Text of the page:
Press Start: Literacy, Comprehension, and Transfer
During the previous semester, I found “Video Games, Reading, and Transmedial Comprehension,” by Brock Dubbels and attended a colloquium event at my university that addressed how students’ might transfer their technology skills from outside school into the composition classroom. I would like to specifically discuss Dubbels’ reasoning for an after-school game club and how this got me thinking about the ways student literacy practices might inform college courses.
Dubbels begins his chapter by claiming that video games “can be used to develop print-based comprehension in reluctant and struggling readers” (251). His focus is on the transfer of skills and the knowledge of systems. Making connections across multiple platforms, incentivizing learning, and recognizing the value of media are key for both educators and students who practice various literacies.Dubbels spends some time convincing his readers of the importance of video games, why they should be used, and the concept of “teaching for transfer” (254). He says that games are valuable tools because of their accessibility and potential as complex and motivating texts. This is important to note because Dubbels claims that students who struggle with reading and fall behind from their peers are given simplified texts that “are easy to decode, but immature in content” (255). As Dubbels says, students want to know more about being older. Playing games can expose such students to interactive texts while not sacrificing the complexities of narrative and content.
Video games are also useful in that they provide students with activities where failure is low-risk and presents a safe opportunity to learn, where problems can be solved through experimentation and switching strategies, and where mentoring and reaching out for solutions is common. These acts should be emulated in the classroom.
Along with his observations of literacy and video games, Dubbels offers a few cautions. He says that “[k]ids may have grown up in a digital age, but this does not make them digital natives” and that it would be unwise to assume we can use video games in the classroom and expect magical results (258). How educational tools are used is just as important as the tools, if not more. The effort is worth the results. Similar to James Paul Gee’s sentiments on play, Dubbels says that “[play] implies making mistakes, trying new things, and creativity and innovation—traits necessary for knowledge workers” (259). It will take knowledgeable educators to successfully implement games into the classroom.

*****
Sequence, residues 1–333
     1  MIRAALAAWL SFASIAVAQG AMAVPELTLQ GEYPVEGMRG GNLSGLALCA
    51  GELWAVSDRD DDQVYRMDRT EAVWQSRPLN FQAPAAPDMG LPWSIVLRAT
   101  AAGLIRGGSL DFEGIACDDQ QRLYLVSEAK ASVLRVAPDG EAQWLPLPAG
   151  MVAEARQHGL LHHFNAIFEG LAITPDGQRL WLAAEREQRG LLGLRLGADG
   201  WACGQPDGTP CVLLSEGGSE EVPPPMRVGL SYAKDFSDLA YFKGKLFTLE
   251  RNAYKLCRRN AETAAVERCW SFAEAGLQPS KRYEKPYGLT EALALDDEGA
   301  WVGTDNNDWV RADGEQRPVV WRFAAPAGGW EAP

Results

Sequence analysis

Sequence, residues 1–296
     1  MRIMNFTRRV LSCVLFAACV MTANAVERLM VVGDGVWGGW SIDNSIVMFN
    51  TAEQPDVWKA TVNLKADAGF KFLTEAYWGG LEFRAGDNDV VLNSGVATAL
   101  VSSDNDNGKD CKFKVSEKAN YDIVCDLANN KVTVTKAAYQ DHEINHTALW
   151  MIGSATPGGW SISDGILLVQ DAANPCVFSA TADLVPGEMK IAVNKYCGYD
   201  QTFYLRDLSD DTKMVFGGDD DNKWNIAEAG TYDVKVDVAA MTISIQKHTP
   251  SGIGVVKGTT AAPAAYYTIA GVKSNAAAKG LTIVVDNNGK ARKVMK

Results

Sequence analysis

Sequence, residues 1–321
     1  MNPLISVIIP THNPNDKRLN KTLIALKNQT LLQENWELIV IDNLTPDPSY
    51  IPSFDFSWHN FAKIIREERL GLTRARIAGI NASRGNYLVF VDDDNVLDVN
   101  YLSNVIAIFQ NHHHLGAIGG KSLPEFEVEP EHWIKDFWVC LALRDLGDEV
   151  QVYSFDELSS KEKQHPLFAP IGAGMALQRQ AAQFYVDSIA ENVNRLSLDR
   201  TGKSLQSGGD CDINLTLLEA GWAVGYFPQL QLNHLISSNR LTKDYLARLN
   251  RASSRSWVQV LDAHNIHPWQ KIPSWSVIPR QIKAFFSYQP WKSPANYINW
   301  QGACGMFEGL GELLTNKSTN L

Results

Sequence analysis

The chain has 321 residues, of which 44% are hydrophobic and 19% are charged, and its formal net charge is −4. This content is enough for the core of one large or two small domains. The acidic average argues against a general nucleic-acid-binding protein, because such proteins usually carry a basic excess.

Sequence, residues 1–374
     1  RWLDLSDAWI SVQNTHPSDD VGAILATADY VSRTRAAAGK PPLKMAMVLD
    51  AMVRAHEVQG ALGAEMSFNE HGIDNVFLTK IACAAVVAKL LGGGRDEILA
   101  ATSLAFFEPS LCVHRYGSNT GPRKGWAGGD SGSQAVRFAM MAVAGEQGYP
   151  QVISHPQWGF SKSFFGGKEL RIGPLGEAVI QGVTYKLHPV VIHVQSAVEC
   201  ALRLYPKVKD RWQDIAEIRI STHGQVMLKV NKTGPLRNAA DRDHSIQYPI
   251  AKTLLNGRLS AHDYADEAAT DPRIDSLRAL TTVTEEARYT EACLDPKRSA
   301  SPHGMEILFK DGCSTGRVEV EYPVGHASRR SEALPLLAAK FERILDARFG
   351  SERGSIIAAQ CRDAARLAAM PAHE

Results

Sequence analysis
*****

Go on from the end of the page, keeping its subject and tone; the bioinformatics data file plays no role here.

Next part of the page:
The premise behind Dubbels’ work is that it is important for educators to connect in-class learning with students’ prior knowledge and experiences. This makes institutional learning relevant, more accessible, and interesting. Which brings me to college courses and how some of Dubbels’ ideas might be applied. Everything that he says about student learning and new literacy is applicable to university-level work. Video games are engaging and complex texts that can easily be used with college students. I would take Dubbels’ reasoning even further and say that, while video games are helpful for bridging gaps and as supplemental material, games can and should be used as primary texts. Depending on the course, why not start with video games instead of more traditional texts? If students are playing games regularly, this seems like a natural starting point for transferring literacy practices and knowledge into class. Obviously, this would take an acknowledgement of video game value on a much wider, academic scale, but I don’t believe this is too outrageous.
The reading that is often asked of students in class is disconnected from the kinds of literacy practices students engage with on a daily basis. Most students aren’t reading academic journals, nor do they have access to them, and spend more time on mobile devices, laptops, and gaming consoles. I encourage a consideration of these practices and what can be transferred into school. Contexts need to be provided and a serious assessment of current academic practices should be considered. Are we best serving students if we are following the same educational practices from thirty years ago? Should we “update” the texts, and implementation of those texts, used in class? Are we adequately acknowledging the practices and activities, whether they involve technology or not, of students outside of the classroom? These are only a few of the questions to consider in light of new literacy practices.